In vivo dosimetry is recommended in radiotherapy to avoid major treatment errors and to improve accuracy. Large scale clinical implementation however is not always easy. Recently, commercially automated systems have made it feasible to perform transit dosimetric quality assurance on a very large scale. We started using such a system for all our machines and all our patients in 2018 using transit EPID images. We analyzed results in both 2019 and 2020 for more than 7000 patients in total, including causes and actions for failed fractions. Ten different sets of parameters for gamma analysis, depending on treatment site, were empirically determined, balancing the rate between detection of clinically relevant problems and the number of false positive results. The choice of tolerance levels was based on an AMARA-principle: the goal of detecting errors and deviations, but only As Many As Reasonably Achievable, taking into account economic and societal factors.
In-vivo analysis in 2019 showed 16% of fractions failed, of which 6% were false positives and 10% were caused by patient related issues. The number of false positives depended on machine type. Causes for failed in-vivo analysis included deviations in patient positioning (4,9%) and anatomy change (4,3%). In addition, errors in planning, imaging, treatment delivery, simulation, breath hold and positioning devices were detected. Actions for failed fractions were mostly to repeat the measurement while taking extra care in positioning and to intensify imaging procedures. Four percent of failed fractions initiated plan adjustments, showing the potential of the system as a trigger for adaptive planning. Based on these in vivo results, some permanent actions were taken for improving quality, e.g. extra imaging for boost breast, extra education to the RTT’s and extra help from dietitians. When analyzing results in 2020, it was seen these actions had resulted in a reduction of failed fractions from 16% to 13%, including a drop from 4,9% to 3,0% in patient positioning deviations and a drop from 4,3% to 3,3% in anatomy changes.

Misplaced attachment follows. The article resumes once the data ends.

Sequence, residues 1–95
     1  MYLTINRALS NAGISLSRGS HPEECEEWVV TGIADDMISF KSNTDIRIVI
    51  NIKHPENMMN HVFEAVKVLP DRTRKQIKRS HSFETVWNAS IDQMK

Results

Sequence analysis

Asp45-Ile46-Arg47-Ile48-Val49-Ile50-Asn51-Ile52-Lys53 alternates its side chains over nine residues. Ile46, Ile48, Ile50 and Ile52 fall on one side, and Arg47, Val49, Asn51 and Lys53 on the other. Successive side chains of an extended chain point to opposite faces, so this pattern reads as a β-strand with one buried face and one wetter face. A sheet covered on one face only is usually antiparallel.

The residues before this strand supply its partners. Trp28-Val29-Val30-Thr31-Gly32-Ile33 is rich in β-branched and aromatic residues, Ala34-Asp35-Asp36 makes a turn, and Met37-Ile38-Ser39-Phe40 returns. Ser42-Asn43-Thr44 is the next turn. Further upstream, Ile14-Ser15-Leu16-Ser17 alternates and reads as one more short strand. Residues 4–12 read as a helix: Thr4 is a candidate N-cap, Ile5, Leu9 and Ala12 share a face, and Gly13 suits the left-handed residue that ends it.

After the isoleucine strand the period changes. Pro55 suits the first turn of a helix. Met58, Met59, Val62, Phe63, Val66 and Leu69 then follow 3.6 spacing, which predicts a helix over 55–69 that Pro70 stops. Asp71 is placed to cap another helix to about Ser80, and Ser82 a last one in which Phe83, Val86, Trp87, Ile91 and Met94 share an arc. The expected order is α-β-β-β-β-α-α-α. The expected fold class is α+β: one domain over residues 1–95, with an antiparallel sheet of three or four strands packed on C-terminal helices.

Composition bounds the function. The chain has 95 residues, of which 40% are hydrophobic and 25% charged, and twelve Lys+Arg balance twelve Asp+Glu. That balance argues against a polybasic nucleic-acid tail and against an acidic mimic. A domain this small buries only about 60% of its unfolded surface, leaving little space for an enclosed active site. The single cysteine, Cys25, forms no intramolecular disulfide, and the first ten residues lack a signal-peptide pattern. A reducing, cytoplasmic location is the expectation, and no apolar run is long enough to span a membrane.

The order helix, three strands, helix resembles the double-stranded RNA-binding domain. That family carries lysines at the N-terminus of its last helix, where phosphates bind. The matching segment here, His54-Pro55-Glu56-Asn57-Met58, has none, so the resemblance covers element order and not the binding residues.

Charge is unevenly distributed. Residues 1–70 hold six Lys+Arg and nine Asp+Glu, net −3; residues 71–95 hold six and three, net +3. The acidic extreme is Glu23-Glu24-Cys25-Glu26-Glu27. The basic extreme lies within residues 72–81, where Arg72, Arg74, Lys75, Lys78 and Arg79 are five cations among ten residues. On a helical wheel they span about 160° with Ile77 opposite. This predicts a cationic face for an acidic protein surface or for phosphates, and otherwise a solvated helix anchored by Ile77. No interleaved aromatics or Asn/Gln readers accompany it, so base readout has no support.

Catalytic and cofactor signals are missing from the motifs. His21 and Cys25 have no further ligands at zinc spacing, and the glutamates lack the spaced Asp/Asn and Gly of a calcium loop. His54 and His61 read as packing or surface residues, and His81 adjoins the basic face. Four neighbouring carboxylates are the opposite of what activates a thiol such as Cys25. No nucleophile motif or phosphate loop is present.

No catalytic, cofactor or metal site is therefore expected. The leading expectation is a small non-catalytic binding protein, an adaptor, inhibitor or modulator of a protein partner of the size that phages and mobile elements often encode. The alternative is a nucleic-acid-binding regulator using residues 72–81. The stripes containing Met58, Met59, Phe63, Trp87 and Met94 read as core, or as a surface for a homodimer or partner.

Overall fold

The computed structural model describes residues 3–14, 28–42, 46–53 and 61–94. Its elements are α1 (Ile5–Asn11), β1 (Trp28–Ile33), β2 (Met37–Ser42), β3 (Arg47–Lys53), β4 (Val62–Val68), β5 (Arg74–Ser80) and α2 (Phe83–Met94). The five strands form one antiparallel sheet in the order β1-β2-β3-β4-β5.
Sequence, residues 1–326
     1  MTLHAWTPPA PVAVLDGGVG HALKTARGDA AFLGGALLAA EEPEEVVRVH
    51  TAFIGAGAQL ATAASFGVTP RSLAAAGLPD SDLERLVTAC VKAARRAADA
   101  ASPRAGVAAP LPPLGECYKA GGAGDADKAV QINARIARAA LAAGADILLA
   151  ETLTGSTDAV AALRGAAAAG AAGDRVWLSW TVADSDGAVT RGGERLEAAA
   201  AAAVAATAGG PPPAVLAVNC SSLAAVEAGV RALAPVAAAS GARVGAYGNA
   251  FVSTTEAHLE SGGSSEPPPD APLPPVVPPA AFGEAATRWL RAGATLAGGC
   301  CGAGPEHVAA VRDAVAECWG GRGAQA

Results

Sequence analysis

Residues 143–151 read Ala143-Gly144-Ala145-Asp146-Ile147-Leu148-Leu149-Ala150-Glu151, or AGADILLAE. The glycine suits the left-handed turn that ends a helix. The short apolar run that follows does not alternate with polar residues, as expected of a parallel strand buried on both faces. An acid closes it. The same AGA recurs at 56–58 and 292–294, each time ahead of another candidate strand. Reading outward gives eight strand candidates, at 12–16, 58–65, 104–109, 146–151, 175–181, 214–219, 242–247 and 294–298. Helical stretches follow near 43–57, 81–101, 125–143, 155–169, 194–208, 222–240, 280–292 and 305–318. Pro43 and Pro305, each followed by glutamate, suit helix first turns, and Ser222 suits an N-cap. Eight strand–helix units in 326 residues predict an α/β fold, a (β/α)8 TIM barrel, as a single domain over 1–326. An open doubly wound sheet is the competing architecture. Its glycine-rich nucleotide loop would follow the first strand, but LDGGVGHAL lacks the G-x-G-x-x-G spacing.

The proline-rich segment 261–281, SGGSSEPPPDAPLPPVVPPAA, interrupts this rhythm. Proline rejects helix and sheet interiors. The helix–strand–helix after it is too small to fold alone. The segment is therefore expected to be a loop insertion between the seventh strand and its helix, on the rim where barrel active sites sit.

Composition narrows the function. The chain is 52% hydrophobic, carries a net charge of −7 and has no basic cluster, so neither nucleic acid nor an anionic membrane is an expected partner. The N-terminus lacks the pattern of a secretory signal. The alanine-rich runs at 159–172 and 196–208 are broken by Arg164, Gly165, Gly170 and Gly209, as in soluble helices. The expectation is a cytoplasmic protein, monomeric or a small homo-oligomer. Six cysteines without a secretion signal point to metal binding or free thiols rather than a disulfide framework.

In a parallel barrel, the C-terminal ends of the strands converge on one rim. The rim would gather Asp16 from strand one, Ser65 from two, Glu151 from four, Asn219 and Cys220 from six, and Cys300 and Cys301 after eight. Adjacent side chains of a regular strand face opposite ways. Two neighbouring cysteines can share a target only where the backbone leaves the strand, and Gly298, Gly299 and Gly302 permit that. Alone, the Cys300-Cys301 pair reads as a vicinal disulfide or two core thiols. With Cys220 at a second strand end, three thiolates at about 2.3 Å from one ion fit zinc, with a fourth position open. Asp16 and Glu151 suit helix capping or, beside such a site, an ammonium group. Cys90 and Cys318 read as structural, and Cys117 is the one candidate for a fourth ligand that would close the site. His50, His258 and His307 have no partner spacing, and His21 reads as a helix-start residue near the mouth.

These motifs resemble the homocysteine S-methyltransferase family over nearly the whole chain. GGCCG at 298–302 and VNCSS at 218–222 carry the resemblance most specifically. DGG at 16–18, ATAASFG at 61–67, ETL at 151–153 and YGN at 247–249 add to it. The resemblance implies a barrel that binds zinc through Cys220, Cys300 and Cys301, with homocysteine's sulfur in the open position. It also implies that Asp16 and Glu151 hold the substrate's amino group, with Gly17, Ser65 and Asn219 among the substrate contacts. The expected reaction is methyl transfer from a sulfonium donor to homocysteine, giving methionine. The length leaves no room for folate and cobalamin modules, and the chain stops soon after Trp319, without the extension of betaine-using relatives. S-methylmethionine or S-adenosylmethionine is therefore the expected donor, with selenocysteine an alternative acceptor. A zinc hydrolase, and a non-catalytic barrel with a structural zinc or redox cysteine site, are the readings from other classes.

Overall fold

In conclusion, large scale clinical implementation of EPID-based in-vivo transit dosimetry using a commercially available automated system is feasible and it efficiently reveals a wide variety of deviations. Evaluating results on a regular basis can offer important insights in the quality of treatments and indicate possible items for improvement.